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Butterfly pea as natural dye focus of UF study

Butterfly pea as natural dye focus of UF study2019.06.18

Bright blue and violet flowers may become a new fixture not only for Florida’s landscape, but also for its food.


University of Florida researchers are studying whether the butterfly pea can be grown as a viable crop in Florida.




If successfully cultivated, it has the potential to become an ornamental flower in home gardens, commercially grown on farms and used as an all-natural food dye, said UF environmental horticulture assistant professor Brian Pearson.


“It’s rare to have that sort of blue-purple pigmentation at this latitude,” he said.


UF’s Institute of Food and Agricultural Sciences requires that all non-native plants being studied undergo growth risk assessment prior to being grown in Florida.


Researchers determined the butterfly pea is not a threat to native plants and is safe to grow, Pearson said. Now, researchers are studying the plant both in greenhouses and outdoors to figure out the conditions necessary for the plant to thrive. They hope to conclude their studies by the end of the year.


The research is based at UF’s Mid-Florida Research and Education Center in Apopka.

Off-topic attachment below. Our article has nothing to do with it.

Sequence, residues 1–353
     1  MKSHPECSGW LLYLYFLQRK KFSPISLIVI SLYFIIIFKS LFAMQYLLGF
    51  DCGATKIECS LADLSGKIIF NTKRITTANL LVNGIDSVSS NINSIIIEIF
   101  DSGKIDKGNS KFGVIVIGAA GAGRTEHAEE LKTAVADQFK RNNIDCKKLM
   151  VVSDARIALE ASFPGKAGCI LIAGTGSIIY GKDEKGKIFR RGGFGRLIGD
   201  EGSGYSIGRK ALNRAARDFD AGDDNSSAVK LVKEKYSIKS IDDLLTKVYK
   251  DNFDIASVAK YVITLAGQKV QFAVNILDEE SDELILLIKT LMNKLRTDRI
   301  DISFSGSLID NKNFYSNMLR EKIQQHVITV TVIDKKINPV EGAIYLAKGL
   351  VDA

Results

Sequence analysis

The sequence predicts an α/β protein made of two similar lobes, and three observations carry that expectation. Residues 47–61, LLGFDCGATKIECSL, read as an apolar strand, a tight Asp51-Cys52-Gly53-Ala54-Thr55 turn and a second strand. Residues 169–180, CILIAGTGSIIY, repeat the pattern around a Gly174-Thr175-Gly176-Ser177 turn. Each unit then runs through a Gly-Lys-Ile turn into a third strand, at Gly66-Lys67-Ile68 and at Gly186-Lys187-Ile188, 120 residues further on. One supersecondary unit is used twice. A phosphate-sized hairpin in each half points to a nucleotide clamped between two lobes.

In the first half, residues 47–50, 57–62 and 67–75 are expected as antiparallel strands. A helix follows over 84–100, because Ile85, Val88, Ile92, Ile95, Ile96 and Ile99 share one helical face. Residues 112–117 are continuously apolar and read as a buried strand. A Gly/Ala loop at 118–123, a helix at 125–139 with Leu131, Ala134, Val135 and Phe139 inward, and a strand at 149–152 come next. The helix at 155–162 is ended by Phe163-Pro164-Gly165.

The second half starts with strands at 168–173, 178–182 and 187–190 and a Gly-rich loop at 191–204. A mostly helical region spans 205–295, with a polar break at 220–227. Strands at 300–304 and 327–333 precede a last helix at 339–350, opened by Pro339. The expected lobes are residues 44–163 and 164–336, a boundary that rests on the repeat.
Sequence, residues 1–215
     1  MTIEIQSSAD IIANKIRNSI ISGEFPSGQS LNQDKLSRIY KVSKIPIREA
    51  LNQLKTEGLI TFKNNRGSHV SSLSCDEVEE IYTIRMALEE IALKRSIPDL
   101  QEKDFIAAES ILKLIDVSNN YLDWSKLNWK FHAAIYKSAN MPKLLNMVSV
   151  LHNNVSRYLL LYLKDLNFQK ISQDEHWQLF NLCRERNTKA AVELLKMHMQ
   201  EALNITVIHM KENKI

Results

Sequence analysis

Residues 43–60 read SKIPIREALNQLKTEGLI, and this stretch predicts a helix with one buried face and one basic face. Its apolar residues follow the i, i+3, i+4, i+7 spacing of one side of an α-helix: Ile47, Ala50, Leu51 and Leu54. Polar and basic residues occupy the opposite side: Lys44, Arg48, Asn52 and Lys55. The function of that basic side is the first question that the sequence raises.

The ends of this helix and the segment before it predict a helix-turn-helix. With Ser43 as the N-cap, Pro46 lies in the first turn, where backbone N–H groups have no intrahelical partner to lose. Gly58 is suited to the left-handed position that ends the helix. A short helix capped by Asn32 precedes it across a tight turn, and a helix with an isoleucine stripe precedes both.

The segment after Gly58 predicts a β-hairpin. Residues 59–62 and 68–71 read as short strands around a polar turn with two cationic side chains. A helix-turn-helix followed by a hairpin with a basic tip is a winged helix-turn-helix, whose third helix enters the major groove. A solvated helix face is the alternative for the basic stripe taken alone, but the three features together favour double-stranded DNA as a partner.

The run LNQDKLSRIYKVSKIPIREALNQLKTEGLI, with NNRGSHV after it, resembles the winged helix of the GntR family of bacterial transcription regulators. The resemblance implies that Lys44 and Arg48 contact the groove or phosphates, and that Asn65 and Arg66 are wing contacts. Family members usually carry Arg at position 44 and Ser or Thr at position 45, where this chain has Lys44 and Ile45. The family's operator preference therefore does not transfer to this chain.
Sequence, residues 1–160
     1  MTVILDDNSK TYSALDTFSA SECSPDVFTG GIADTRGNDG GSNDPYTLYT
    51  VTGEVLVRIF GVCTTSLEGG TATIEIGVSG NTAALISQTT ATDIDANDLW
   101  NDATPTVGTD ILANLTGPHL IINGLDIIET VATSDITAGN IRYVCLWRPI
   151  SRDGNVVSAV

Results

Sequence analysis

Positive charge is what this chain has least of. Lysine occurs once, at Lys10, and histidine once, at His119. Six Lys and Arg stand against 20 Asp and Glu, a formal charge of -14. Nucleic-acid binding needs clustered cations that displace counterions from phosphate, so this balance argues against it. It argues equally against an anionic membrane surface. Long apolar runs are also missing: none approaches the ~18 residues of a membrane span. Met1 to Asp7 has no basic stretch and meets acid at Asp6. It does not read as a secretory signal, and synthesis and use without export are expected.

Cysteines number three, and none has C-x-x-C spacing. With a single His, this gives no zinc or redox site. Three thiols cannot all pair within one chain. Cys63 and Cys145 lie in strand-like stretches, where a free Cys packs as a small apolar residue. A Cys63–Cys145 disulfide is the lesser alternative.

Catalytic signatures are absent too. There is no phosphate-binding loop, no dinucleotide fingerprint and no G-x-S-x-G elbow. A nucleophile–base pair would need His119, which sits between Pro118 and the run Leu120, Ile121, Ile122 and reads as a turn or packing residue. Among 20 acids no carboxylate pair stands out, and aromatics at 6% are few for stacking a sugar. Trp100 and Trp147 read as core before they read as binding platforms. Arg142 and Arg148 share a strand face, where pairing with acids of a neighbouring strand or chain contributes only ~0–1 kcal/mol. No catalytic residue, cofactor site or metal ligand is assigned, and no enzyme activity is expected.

Sean Campbell, a UF environmental horticulture doctoral student, said the butterfly pea has long been used in Thai and Malaysian cooking. A sky blue rice dish called nasi ulam and an herbal tea are just a couple of ways it’s consumed across the globe.


Specialized teas, and dyed alcohol, such as craft beers and gin, are some ways this might expand in Florida and throughout the United States.
The flower’s pigmentation is strong, with a little going a long way, Campbell said.


Consumers are interested in finding more all-natural food dyes, as research suggests some artificial coloring may be related to increased hyperactivity, Campbell said.


Additionally, the butterfly pea contains large amounts of the antioxidant anthocyanin, which may have healthy aging effects. The Food and Drug Administration cannot attest to these or other health claims involving the antioxidant, Campbell said.


Ironically, the strong blue color of the butterfly pea has a mellow flavor profile, featuring pleasant, floral notes.


“It’s something you might not notice if you didn’t know if was there,” Campbell said. “It’s not grandma’s perfume.”



source: ocala.com

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